I ended up in a road leading only into the Silver Bay Caravan Site, but, rightly, assumed there would be beach access and was helpfully guided in the right direction by one of the residents, and so ended up on Silver Bay. It is now cloudy and has been spotting rain since I met the family on the sands. I can see from the map that the path leaves the beach partway along as there is no route round the final headland of Holy Island, and the path cuts across the tip, but can I see a clear bold sign? … of course not. However, in this case it is not simply subtle, or hidden, but absent. I notice a set of steps climbing the dunes to the left, and go to explore, but there are no Coast Path arrows, so I turn to go on, the correct way must be further. However, looking at the map again, and the position of the woodland that partially edges the bay, in fact these steps are precisely the way.
The rain has started properly now, so I am glad of the tree shelter and glad also that the path is fenced on both sides, so no decisions to be made and no chance of going wrong!
The woodland gives way to farm track and then that to a small lane, which would have been pleasant if not for the rain. I’d not brought my waterproof overtrousers, so soon my trousers were soaked through, but my top half was dry. After a while, a sign points to the right, where a sign says it is a permissive path not open in the winter, but there is still a heavy chain across the kissing gate. I almost continue along the road way, but then look harder and realise the chain with padlock is simply looped over a post, as bailer twine is sometimes, to stop the gate swinging open … so if you are ever walking this way and see a chain, do not give up!
And I was glad I had persisted, as it leads through an idyllic area of scrub woodland and wetland (the latter pretty well boarded in the muddiest areas), I assume some sort of nature reserve. At the far end the gate has no chain (!) and you are back on the road for a short while, before turning off down a farm track round the back of a farmhouse, across a farmyard through a narrow gap between buildings (breath in), along a field, where I almost miss the path arrow half lost amongst the hedgerow, and finally onto the (soggy) edge of the estuary/strait between Holy Island and Anglesey mainland.
As the Telford causeway and newer dual carriageway largely block the flow of water through the strait it is very estuary-like in terms of the salt marsh and mud, but given how narrow the strait is at Four Mile Bridge, perhaps this would have always been so. And, although I had a few miles of wet walking to go, I was on the home stretch to Four Mile Bridge where I would go into the warm, hopefully not soak the place too much in the process, and sup a half pint while waiting for a taxi.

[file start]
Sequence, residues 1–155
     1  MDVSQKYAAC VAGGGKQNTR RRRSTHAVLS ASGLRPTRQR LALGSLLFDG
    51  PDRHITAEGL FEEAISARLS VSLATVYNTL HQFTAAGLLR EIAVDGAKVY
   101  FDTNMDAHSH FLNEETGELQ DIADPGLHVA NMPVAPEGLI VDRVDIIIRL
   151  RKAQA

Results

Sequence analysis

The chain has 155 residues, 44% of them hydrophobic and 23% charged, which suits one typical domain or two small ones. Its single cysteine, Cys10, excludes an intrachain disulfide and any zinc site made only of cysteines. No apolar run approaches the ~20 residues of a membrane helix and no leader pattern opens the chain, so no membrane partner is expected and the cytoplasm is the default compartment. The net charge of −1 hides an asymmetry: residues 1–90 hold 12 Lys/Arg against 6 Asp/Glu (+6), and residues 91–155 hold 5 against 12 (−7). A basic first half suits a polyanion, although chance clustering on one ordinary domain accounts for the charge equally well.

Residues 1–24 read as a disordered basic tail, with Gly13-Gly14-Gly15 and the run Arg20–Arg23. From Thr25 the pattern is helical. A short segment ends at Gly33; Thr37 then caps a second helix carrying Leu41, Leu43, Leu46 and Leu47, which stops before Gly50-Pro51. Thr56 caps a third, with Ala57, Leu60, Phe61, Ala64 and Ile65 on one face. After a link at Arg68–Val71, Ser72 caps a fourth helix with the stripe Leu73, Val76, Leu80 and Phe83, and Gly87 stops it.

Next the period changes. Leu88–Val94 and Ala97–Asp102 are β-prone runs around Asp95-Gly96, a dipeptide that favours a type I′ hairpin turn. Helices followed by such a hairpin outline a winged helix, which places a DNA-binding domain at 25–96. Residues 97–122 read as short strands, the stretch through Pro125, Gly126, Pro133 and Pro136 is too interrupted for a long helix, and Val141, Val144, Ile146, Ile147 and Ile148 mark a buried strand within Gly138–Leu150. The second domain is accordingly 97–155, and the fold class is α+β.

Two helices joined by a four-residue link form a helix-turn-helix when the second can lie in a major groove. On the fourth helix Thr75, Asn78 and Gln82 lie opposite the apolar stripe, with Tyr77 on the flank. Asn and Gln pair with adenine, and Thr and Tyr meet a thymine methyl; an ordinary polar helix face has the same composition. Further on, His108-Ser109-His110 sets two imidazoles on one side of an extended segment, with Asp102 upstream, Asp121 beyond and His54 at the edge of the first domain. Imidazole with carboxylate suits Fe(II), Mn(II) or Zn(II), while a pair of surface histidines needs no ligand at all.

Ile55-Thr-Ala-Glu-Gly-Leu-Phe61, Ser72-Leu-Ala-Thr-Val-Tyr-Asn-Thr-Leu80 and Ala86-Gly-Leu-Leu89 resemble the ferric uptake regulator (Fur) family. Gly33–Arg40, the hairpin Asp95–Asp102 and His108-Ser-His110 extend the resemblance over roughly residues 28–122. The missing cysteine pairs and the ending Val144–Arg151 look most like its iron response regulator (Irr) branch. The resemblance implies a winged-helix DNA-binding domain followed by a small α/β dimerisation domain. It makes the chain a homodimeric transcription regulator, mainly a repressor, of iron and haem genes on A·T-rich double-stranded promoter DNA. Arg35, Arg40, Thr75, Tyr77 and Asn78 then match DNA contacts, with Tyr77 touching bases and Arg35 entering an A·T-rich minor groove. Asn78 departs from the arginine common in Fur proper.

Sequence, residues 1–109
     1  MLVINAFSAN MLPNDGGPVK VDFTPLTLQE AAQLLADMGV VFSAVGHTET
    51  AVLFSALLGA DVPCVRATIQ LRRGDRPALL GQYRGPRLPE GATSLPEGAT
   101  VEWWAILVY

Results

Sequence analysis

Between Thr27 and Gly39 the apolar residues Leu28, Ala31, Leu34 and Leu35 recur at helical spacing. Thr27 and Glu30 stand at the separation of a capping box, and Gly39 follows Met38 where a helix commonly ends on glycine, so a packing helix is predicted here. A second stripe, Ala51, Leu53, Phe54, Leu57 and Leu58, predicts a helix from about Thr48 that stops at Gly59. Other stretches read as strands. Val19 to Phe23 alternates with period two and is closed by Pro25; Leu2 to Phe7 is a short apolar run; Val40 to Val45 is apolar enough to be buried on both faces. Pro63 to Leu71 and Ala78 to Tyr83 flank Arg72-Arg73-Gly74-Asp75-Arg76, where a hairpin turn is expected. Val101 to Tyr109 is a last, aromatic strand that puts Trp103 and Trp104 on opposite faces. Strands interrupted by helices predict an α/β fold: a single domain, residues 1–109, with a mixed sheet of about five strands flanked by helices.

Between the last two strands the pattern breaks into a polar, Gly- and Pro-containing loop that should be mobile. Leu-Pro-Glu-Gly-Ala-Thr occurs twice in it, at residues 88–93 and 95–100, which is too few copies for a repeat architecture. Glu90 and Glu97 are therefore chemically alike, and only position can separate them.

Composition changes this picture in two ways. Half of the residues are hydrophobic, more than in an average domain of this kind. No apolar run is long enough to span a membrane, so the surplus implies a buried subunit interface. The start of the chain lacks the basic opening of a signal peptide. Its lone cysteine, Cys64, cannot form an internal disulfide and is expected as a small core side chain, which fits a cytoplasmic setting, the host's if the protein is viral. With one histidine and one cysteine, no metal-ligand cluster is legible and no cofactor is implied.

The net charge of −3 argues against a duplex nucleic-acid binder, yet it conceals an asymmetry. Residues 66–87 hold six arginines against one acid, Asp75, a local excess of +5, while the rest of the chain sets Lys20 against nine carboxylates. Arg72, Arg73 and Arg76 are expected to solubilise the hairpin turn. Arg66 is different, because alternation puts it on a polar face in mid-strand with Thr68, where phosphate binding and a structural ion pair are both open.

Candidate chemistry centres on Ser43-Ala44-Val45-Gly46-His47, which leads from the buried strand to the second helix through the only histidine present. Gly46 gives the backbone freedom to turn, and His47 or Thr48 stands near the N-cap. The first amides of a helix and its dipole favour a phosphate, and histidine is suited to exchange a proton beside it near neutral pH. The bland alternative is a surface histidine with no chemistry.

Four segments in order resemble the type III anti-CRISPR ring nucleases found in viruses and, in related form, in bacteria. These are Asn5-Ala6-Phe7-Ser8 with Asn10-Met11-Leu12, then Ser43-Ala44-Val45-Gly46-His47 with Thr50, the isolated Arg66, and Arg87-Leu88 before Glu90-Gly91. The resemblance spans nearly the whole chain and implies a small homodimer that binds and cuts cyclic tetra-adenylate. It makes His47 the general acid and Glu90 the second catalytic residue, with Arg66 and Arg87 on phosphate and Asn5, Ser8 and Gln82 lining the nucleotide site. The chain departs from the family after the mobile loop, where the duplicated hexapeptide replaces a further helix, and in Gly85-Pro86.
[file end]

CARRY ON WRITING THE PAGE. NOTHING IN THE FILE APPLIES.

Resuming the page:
Well, that was the plan …
As I draw near to Four Mile Bridge, there are a number of boats on the banks, but no obvious sign of a pub. I was sure I had driven across this once and seen a pub, but it must be a different bridge elsewhere. My waterproof jacket was keeping my top half dry, but below the waist my trousers were soaked and dribbles had run off into my boots, so that each step squelched. I really wanted to just get back.
It looked like the main body of the village was on the Holy Island side of the bridge, so I walked a hundred yards or so in that direction until I came to a triangular village green. Surely this is where the pub would be. There is a hairdresser and a sign for another shop, but no sign of a pub. If there is no pub here, then there must surely be no pub at all.
Walking back to the bridge I look up the road in the other direction, and it is clearly just scattered housing. A mile or so on is Valley, but I have no idea what I will find there; I have driven through it and seen restaurants and shops, but have no idea if there is anything that would be open now. Certainly I would be too late for the last train.
The idea of waiting somewhere, whether here or Valley, maybe half an hour or more, in the rain for a taxi was not inviting.
The alternative is to continue to walk the six or so miles to Rhosneigr. It is after seven, but I will not be taking photographs in the rain and there is a substantial amount of beach walking that will be quick.
I get what shelter I can under the wall of the bridge, put the camera in the waterproof bag inside the rucksack, swap maps over inside their plastic case, with only the odd soggy corner and rain drop smudge as I try to protect them with my body from the persistent rain, and set off.
Later during the walk I discover that if I had walked a couple of hundred yards or so beyond the green in Four Mile End, I would have come to the Anchorage Hotel, situated towards the western edge of the village. As I have found elsewhere in the walk it is so hard to know what lies within walking distance of the path.